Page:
I agree. I think we have already discussed this as well:) He is what he is and we shouldn’t plan on more (same with Heyward). If he can hit .275/.350/.475 in the “2-hole thru 5-hole” I can live that! 25HR and 80+ RBI … woo hoo! He does run well so he should be in the 2-4 slots and let the slow pokes push him around the bases. We can see below what worked last year in the 1-3 spots. Push these three through the lineup as much as possible and just hope the rest can hit their average.

    Heyward (.322/.403/.551 in leadoff last year)
    J Upton (.301/.384/.538 in 2-hole last year)
    Freeman (.326/.406/.515 in 3-hole last year)
    Gattis (performed better in the 6-8 spots)
    Johnson (performed better in 6-8 spots)

    BJ/Schafer (just need to perform)
    Simmons (has performed better in the 2 spot and 6-8 spots)
    If Uggla hits, put him back in the 4 hole! and shift Gattis and Johnson down 1 spot.

    • Wow.. Uggla in the 4 spot!! Pass that blue and red Kool-Aid over here!!! :)

  • NorthAlabamaGM

    I have had to re-think the lineup after reading and reviewing the numbers. The numbers last year show, hitting in the 2-hole between Heyward and Freeman, J Upton put up GREAT numbers. Bat them 1,2,3 again this year and hope it continues and the other five players just perform somewhere close to their career averages. If Uggla can hit again, put him in the 4 hole and put Gattis/Johnson in the 5-6 spot and BJ/Schafer/SImmons bat 7-8.

  • Mike Crowe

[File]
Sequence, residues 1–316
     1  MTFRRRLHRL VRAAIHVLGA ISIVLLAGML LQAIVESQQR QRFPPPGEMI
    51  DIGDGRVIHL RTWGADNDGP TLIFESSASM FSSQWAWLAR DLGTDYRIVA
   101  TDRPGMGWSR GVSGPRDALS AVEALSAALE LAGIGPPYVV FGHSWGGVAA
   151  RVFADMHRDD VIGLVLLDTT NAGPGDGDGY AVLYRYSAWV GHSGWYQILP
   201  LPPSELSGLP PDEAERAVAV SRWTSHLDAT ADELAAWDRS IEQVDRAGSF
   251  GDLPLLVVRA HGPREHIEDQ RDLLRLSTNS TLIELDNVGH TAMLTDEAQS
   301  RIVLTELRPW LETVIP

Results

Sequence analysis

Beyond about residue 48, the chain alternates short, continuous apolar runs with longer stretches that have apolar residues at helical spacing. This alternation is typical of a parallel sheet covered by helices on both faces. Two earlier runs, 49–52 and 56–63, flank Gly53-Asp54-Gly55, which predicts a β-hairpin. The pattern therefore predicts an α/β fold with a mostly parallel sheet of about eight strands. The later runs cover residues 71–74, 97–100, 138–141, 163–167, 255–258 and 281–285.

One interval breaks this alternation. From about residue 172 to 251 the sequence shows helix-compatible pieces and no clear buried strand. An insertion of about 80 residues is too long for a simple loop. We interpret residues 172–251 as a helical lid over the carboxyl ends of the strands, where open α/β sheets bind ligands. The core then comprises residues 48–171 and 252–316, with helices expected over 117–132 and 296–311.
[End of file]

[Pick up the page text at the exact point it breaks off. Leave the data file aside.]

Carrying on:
Yeah, Johnson made that trade digestable. Trading Prado was another in a line of mistakes but I’ve come to expect that. Upton is a good player and I don’t think the cards are in on him yet. He has flashes of … well, not greatness perhaps, but he carried the Braves for a while and I’m not sure the Braves make the postseason without him last year. Some get better with age – Andres Galaraga comes to mind, and remember this was Upton’s first season with a new team last year. I’ll take 263-27-70 (old stat line) right now as a starting point, considering the pitching one faces these days, and the fact that he hit out of the two hole a lot of the time – not an RBI slot. Plus Upton, like the rest of the order that had no order, never knew where he would be hiitting a lot of the time in the lineup and that makes a difference with some hitters. I just have a feeling that he hasn’t peaked quite yet so I’ll cut him some slack.

    • New team but his brother was with him and his dad came to a lot of games. It doesn’t get much comfier than that. Upton is one of those guys that make me scratch my head as to why his hitting numbers aren’t better. He’s got very good bat speed, has good balance and a level swing. Is it concentration? I don’t know.

      • Mike Crowe

        I don’t know, but baseball, unlike a lot of team sports, has a lot to do with your thinking – it’s a tough game. Sandy Kofax couldn’t find homeplate for years then he made that mental adjustment and the rest was history. I like Upton’s swing too and his makeup. Perhaps this year it will happen